Better at Learning

From the Headmaster's Desk, April 11, 2018

Today we begin the final term of the academic year.  For many, this will be your final term at Blue Coat, and arguably your most important; you sit your public exams this term, which are of crucial importance for the next stage of your academic journey and beyond.  And all of you have end-of-year exams, which are important progress markers in your academic journey.  For Year 12, these exams will be the basis of your predicted grades for your UCAS applications, so they are very important indeed.

Easter was earlier than usual this year, and one benefit of this is that we have returned earlier in April than we normally do.  This means you have more time in school this half term and more time with your teachers, which is certainly to your benefit.

As we approach these closing weeks of term and exams, I thought it might be worth reflecting on what we can do to be better at learning.

I found a panel of writers and experts, from places as famous as Stanford and Oxford, who recently explained their top tips in this short clip:

So how can we get better at learning?

There are several key messages from these experts.  First of all, research shows that anyone can learn anything.  It may take longer and it is harder for some people, but everyone can learn another language, maths or to play the piano.  I often think of the London Marathon, which takes place later this month, as a helpful analogy.  In this premier event, of course the winners are lean and running world best times, but over the next few hours people of all different ages, shapes and sizes eventually get to the finish line.  Tens of thousands of runners finish every year, many of whom have never run that far before.  And it is the same in learning – we can all learn, we can all get there eventually, although for some of us it will take longer in certain subjects, but we can still get there, if we persist.

Yet it is not always easy, and we have to be comfortable with the struggle of learning.  It is discomforting because it is hard work.  Learning new things involves stretching and pushing our brain, in the same way that training the body physically is challenging and can be trying.  But then we are stronger afterwards.  Again with the London Marathon analogy – even those leading the race are doing hard work and pushing at their limits.  Everyone who runs the event does some training, which is hard work, but makes them better prepared for the day.  We have to accept that learning is hard work.  Pushing our brain to learn is also a struggle, but after the training, our brains are better placed to help us do well in exams.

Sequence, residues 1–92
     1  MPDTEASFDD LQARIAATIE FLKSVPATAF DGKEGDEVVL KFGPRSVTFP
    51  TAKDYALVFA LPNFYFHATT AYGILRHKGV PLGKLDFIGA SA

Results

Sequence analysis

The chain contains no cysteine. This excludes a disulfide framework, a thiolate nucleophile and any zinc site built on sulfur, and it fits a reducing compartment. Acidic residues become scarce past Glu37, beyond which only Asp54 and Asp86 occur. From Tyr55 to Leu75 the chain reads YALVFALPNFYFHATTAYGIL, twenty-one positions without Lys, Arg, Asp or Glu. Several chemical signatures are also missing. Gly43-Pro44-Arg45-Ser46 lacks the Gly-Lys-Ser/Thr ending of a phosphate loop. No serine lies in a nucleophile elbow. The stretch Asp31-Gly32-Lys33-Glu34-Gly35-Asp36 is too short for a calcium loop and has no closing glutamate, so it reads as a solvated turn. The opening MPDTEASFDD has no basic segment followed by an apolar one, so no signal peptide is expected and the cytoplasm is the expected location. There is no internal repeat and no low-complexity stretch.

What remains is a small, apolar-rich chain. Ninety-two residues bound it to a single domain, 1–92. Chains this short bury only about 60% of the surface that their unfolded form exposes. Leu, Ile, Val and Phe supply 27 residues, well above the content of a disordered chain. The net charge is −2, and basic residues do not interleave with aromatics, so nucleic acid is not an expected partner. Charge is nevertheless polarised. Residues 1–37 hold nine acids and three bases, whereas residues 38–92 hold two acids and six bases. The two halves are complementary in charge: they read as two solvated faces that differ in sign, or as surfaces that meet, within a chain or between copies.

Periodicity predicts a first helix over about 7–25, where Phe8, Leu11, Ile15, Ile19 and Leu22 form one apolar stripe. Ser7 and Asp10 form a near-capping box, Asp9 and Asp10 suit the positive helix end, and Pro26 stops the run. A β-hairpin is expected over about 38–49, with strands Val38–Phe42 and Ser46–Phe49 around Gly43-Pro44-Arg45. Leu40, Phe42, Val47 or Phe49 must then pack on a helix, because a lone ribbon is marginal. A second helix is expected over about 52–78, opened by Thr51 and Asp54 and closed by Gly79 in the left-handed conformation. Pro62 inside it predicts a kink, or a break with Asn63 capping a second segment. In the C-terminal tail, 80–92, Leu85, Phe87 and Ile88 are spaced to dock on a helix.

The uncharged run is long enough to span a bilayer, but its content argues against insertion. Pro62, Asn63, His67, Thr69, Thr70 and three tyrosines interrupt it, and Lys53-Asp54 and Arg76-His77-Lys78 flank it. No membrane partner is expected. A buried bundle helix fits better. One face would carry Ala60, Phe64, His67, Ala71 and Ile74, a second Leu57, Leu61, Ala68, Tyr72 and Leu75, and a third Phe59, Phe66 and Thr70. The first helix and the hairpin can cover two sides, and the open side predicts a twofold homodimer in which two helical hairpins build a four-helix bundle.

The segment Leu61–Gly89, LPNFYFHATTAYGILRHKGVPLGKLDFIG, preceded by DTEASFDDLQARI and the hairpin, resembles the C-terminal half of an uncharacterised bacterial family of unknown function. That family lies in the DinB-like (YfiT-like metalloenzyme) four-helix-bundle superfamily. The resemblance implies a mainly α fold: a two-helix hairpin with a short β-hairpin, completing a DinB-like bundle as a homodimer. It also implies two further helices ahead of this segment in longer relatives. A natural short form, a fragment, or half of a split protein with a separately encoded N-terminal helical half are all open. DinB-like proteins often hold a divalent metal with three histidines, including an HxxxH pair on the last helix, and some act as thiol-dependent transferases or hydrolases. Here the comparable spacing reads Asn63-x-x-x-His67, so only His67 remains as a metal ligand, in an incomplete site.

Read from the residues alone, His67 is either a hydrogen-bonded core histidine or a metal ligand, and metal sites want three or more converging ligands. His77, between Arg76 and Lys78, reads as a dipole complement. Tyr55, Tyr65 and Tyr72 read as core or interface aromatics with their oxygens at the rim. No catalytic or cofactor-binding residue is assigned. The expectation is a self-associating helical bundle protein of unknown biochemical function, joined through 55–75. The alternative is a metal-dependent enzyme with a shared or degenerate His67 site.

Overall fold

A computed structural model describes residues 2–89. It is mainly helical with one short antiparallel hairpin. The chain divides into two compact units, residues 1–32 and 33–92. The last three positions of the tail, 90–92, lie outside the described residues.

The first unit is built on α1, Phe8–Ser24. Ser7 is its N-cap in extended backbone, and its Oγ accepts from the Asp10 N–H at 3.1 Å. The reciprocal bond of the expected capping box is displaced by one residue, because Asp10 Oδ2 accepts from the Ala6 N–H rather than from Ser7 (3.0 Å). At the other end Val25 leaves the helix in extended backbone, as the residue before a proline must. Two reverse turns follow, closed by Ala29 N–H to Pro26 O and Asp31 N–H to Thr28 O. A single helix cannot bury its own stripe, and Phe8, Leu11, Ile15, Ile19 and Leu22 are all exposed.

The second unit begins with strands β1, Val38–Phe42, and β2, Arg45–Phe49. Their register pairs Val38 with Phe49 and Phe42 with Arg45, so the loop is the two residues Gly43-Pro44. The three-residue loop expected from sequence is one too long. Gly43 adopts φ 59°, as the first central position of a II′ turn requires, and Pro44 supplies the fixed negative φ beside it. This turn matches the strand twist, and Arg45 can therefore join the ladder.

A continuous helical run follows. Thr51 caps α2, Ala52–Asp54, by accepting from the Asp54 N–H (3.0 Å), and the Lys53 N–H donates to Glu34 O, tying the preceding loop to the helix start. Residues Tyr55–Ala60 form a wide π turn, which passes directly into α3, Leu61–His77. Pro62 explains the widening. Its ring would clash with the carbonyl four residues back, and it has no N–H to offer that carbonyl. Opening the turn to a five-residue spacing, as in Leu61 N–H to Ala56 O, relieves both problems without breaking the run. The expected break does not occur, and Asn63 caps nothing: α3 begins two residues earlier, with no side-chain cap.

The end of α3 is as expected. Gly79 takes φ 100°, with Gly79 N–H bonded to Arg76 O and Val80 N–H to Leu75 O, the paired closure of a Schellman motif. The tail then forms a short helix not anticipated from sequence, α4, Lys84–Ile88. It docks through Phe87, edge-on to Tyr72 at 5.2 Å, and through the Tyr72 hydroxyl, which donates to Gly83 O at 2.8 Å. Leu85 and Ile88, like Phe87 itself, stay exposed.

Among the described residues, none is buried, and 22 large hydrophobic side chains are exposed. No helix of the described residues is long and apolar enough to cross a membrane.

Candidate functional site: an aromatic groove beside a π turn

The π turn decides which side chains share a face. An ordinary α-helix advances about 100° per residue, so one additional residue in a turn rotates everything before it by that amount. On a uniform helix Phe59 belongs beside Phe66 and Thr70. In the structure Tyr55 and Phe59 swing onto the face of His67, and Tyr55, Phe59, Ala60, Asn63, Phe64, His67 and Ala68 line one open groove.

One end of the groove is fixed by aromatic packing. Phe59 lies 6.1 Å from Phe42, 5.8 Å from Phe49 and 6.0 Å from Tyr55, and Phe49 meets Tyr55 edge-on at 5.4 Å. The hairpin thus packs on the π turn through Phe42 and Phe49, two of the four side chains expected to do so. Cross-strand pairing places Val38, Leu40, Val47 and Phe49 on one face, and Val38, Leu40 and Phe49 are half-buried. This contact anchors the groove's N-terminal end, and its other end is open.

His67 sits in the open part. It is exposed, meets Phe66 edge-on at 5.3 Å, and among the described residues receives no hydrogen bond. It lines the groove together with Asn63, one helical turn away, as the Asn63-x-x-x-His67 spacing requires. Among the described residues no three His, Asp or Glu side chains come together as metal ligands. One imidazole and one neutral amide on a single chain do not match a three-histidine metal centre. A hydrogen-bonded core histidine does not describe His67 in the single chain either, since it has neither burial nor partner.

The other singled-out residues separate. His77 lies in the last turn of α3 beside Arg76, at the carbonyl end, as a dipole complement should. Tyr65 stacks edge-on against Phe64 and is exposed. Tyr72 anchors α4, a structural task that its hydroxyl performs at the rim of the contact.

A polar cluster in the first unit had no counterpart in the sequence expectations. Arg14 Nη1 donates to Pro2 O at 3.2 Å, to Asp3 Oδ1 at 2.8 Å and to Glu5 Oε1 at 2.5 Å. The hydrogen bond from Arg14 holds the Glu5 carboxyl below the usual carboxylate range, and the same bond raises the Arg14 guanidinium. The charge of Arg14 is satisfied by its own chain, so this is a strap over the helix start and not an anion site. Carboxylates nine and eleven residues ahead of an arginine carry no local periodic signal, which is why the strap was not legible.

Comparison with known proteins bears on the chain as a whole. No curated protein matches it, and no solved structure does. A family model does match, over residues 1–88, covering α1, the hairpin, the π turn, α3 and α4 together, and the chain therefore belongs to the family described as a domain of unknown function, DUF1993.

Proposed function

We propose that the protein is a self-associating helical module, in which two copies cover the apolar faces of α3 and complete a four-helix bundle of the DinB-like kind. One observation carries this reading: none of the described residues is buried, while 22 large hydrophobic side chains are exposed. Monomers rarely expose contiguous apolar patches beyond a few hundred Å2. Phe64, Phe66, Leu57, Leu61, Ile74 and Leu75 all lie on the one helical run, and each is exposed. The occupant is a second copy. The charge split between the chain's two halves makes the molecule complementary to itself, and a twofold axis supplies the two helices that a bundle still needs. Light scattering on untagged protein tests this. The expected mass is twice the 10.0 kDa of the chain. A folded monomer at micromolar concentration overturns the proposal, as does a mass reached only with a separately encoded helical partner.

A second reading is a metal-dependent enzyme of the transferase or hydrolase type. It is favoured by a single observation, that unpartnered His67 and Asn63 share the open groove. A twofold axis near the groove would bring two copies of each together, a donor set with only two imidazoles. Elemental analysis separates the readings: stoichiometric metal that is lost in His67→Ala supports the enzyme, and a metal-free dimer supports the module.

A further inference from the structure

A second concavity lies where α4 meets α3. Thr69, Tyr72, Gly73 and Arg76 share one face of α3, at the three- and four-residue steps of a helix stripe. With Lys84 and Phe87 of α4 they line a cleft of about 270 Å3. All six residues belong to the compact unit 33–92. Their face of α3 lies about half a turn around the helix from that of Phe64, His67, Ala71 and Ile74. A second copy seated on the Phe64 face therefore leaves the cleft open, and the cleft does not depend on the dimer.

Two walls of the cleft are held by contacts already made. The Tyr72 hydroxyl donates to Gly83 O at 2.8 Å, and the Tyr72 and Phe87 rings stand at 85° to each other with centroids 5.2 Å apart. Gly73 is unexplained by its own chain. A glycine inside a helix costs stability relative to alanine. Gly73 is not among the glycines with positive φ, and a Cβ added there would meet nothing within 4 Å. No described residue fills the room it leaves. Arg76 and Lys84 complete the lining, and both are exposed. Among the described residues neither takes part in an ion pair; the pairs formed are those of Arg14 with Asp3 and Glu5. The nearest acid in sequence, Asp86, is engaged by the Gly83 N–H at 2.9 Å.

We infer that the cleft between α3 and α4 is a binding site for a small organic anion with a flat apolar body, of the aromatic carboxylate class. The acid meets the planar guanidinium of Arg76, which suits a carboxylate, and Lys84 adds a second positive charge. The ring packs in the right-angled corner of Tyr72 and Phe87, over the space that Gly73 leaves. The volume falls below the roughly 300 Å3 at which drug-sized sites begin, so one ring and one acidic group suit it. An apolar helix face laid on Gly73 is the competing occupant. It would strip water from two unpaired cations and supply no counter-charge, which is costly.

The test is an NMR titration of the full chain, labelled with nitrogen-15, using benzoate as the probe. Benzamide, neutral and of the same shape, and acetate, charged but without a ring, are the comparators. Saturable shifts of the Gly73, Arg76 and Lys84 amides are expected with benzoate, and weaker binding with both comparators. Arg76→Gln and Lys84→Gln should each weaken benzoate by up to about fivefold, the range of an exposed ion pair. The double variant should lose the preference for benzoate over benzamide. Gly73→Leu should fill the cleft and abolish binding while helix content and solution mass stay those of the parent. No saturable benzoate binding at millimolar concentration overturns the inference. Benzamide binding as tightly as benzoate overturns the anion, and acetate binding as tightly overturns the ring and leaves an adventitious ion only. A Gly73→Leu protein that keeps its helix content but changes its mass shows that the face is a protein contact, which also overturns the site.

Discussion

Part of learning is about the right attitude.  We must be curious.  Ask questions and adopt a proactive approach.  Don’t just sit passively and wait to be spoon fed – you won’t learn as much.  Build the discipline of being curious; ask questions so that you can learn.  Teachers should not be viewed as a fount of knowledge, but as facilitators that help you discover how to learn or make progress yourself.

And as one of the experts just said, and I have repeated many times this year: sleep is important.  Whilst you are sleeping, your brain processes what you covered the previous day, and moves it from being something you encountered or remember briefly, to long-term memory.  If you sleep properly, then your memory is more effective.

And, finally, believe in yourself.  Research shows that if you believe in yourself and are confident, then you will make better progress.  And, furthermore, people who have confidence in themselves bounce back more quickly after mistakes.  Everyone makes mistakes, and do not take a mistake as the miserable end or a sign of doom and gloom.  Instead, see it as an opportunity to learn and be better the next time.  Believe in yourself, know that you will get there, and then you will.

So, a brief tour of some experts’ top tips this morning as we begin the final term of the year.  Good luck and godspeed.

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